Tacrolimus Optic Neuropathy

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 by Bayan Al Othman, MD on April 7, 2023.

Disease Entity


Tacrolimus is an immunosuppressive agent that inhibits calcineurin phosphatase thereby irreversibly inhibiting development and function of T cells and synthesis of cytokines and interleukins. It is most commonly used in the setting of solid organ transplants in the prevention of rejection or autoimmune diseases (myasthenia gravis, inflammatory myopathy, ulcerative colitis, and lupus nephritis).[1] [2] In addition to sequelae related to immunosuppression, tacrolimus can have serious ophthalmic adverse effects. It has been reported in association with tear deficiency, eyelash trichomegaly, conjunctival intraepithelial neoplasia, CMV (cytomegalovirus) retinitis, cortical blindness, and maculopathy. Rarely, tacrolimus use may result in optic neuropathy, leading to potentially irreversible bilateral blindness.[1][3] Optic neuropathy secondary to tacrolimus use has reportedly occurred between months to years of use. It causes variable degrees of vision loss and is typically bilateral. The optic nerve appearance is also variable and may be normal, edematous, or pale. Cessation of tacrolimus may be considered if tacrolimus optic neuropathy is suspected.[1]

Risk Factors

Although onset of tacrolimus-associated optic neuropathy varies between months to years, longer duration of treatment may be associated development of optic neuropathy. Because tacrolimus is not known to be stored in adipose tissue or hepatic tissue, the cumulative damage may be a result of storage of the drug or its active metabolites elsewhere in the body or of progressive subclinical damage.[1] Additionally, individual sensitivity to neurotoxic and ischemic effects of the drug on the optic nerve may serve as a risk factor and help explain the variable presentation of optic neuropathy.[4]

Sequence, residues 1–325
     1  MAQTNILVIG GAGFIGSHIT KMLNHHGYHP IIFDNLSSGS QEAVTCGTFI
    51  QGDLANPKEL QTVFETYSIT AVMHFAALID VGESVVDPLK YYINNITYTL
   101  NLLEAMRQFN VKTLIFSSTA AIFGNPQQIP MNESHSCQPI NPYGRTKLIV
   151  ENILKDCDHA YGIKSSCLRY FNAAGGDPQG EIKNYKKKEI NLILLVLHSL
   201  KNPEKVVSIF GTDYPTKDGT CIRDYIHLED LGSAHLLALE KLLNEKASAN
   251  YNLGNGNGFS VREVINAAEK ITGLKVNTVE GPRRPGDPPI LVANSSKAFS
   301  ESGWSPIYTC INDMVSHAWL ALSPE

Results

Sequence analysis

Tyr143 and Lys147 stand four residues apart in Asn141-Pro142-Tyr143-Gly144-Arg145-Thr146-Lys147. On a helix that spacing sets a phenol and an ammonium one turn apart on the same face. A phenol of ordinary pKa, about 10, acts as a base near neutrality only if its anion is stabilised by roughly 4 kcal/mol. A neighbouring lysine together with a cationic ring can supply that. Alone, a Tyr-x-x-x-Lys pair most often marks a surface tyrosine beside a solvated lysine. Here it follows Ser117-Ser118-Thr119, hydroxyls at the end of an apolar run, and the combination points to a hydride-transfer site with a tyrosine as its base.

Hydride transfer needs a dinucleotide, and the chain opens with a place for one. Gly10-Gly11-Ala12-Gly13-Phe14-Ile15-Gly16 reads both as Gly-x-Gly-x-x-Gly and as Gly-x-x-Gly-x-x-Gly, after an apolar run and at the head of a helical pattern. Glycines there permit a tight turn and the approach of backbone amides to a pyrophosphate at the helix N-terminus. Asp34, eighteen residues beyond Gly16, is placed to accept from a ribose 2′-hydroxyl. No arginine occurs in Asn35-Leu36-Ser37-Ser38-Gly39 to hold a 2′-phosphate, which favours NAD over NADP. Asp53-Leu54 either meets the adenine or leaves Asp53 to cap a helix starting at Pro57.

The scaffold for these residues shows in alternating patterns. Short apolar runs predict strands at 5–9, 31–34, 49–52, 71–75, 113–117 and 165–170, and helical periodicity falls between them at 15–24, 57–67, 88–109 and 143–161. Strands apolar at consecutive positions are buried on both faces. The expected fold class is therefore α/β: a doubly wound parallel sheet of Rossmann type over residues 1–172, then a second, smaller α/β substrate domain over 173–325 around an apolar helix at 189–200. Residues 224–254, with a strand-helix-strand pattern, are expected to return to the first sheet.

The mechanism of tacrolimus-associated optic neuropathy has not been fully elucidated. Several hypotheses exist to date. One study reported absence of blood flow to the optic disc on fluorescein angiography (FA).3 [3]Similarly, delayed and reduced blood filling of optic discs on FA has also been reported.[5] These findings suggests tacrolimus may increase thromboxane A2 levels thereby causing vasoconstriction with resultant ischemia of optic nerves.[1][5] Similar to other inhibitors of calcineurin, direct toxicity to the myelin surrounding the optic nerve has also been reported. Studies suggest tacrolimus may have a predilection for myelin due to its lipophilic nature, resulting in damage to the oligodendrocytes. [1][6] Neurotoxicity resulting in axonal edema may be another mechanism by which tacrolimus causes optic neuropathy.[3][6]

Primary prevention

Because metabolized products of tacrolimus may still be biologically active, plasma concentrations of the drug are not predictive of the development of optic neuropathy. Kessler et al. described a patient who developed optic neuropathy secondary to tacrolimus despite target plasma levels of the drug, suggesting monitoring plasma levels of tacrolimus may not be useful in preventing optic neuropathy.7 [7]Additionally, tacrolimus is excreted via the biliary excretion. In patients with conditions affecting the biliary system, immunosuppressants with different mechanisms of excretion may be considered as an alternative to tacrolimus. It is important to recognize tacrolimus optic neuropathy early in its course and consider cessation of the offending agent before irreversible damage occurs. There are no available drugs to date to prevent optic neuropathy in the setting of tacrolimus use.[1]



Tacrolimus optic neuropathy is typically characterized by acute or subacute bilateral painless loss of vision that ranges from mild visual acuity loss to complete blindness.1,3-7[1] [3] [4] [5] [6] [7] Symptoms are typically bilateral; however, if patients initially present with unilateral symptoms, it is common to progress bilaterally in days to weeks.[1] Ascaso et al. reported a case of unilateral optic neuropathy secondary to six months of tacrolimus use that did not progress to bilateral involvement despite continuation of tacrolimus therapy.[3] Although rare, it is important to consider tacrolimus optic neuropathy in patients with unilateral or asymmetric symptoms.